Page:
military base in Central Asia, and also in the Republic of Georgia. He said this
is important for the natural resources there, but more for access to the Gulf
Chomsky noted that 12 percent of the Israeli air and tank force are now in
eastern Turkey, and that they are probably operating in northern Iraq and moving
toward the Iranian border. He cited this as being part of the growing conflict
with the “axis of evil,” and against the local alliance of Iran and Armenia.
He explained that Turkey relies heavily on the domestic Israeli lobby in
Washington for its support. Chomsky said Turkey has received $30 billion from
the World Bank and the IMF in the last year alone, and that this aid depends on
the pressure of the US government and the Jewish lobby in favor of Turkey. He
also added that this alliance is being extended to include Azerbaijan because of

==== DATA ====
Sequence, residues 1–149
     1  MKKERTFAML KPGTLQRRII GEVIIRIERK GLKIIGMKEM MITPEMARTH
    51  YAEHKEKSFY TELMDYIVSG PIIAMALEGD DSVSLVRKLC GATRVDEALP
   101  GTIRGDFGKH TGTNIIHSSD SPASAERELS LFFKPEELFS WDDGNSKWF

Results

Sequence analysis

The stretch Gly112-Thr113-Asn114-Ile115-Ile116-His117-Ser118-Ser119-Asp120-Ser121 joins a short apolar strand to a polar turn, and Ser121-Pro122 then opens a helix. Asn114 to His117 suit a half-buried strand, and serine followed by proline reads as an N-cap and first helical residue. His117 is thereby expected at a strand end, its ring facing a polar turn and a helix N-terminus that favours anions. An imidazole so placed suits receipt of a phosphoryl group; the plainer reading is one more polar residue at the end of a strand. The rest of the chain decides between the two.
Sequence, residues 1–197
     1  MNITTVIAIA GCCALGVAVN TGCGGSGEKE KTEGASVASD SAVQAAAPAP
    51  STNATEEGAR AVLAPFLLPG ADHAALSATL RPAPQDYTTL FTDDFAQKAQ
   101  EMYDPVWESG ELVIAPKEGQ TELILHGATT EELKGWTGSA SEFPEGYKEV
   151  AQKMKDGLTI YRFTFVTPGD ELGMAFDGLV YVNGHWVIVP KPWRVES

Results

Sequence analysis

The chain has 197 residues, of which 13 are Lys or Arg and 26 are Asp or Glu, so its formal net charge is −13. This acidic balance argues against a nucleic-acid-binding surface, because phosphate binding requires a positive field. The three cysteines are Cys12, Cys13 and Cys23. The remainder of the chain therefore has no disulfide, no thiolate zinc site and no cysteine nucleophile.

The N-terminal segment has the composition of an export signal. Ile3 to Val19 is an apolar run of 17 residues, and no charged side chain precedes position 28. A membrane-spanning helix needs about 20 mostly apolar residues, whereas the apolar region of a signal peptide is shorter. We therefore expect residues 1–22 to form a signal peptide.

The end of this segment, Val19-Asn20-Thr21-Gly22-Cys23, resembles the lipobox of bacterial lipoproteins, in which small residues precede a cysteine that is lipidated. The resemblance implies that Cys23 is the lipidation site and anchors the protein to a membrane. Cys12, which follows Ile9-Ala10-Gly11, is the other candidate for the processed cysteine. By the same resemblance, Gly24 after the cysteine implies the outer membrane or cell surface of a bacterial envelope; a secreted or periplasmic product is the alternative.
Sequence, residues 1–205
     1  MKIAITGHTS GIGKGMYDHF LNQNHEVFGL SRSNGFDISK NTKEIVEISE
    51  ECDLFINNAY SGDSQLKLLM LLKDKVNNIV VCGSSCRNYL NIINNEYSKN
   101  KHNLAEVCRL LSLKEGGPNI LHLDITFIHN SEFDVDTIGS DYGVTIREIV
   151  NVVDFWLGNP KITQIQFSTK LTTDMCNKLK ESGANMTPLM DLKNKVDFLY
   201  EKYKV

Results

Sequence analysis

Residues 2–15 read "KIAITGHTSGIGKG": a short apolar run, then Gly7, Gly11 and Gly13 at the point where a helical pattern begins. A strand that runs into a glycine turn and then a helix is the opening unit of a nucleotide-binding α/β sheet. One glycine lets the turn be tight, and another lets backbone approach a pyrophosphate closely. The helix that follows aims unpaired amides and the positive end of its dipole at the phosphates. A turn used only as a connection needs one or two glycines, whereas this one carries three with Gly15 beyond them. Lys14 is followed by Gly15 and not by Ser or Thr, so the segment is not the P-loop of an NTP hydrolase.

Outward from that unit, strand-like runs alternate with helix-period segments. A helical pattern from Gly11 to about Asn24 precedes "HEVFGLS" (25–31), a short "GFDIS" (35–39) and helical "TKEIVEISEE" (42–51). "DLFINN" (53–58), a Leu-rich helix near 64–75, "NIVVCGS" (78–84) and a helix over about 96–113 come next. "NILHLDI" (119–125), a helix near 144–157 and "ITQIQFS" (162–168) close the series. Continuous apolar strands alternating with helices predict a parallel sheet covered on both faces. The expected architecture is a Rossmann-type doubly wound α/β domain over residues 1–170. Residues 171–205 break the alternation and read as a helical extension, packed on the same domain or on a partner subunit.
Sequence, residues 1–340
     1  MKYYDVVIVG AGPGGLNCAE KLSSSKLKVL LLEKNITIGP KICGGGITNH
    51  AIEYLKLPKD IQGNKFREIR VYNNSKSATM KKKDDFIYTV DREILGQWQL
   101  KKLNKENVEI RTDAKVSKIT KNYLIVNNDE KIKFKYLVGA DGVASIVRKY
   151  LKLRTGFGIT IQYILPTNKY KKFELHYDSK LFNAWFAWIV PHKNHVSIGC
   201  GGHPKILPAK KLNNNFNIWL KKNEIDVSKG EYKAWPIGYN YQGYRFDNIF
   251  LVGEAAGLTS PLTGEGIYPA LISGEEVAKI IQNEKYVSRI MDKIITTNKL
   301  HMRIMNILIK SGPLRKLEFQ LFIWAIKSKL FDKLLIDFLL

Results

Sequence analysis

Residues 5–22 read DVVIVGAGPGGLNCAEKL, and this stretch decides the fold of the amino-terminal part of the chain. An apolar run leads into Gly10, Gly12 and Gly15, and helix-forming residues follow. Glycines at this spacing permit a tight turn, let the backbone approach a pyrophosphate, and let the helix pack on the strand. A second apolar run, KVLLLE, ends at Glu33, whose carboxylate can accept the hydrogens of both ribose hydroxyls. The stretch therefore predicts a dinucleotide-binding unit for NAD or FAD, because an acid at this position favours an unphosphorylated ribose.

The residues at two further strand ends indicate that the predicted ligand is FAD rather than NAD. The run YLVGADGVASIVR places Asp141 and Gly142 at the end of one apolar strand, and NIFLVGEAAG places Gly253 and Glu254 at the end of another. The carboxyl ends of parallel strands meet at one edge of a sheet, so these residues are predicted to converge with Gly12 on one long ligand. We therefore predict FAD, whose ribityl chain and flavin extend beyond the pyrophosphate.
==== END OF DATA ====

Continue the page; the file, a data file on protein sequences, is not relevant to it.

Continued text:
the 30 million Azeris living in northern Iran, which the US would likely want
dismembered as a state.
Chomsky also discussed the conflicts taking place over the control of Caspian
energy resources, with Turkish, Israeli, and US forces backing Azerbaijan.
“Small Armenia is caught up in the middle of all of this,” he noted.
Chomsky noted that Russia was certainly able to assess the balance of forces in the region and so is behaving accordingly, at least for the moment. He described that balance as being Iran and Armenia on one side, and the US, Israel, Turkey, and Azerbaijan on the other side. He also explained that most of the conflict concerns pipeline routes from the Caspian avoiding Iran—a route that the energy companies prefer because it is more economical—and without Russia having any control, meaning that they would go through Georgia.
Trial in Turkey
Chomsky told the gathering that he was in Turkey in February for a political
trial. He said because a series of his essays on US policy in the Middle East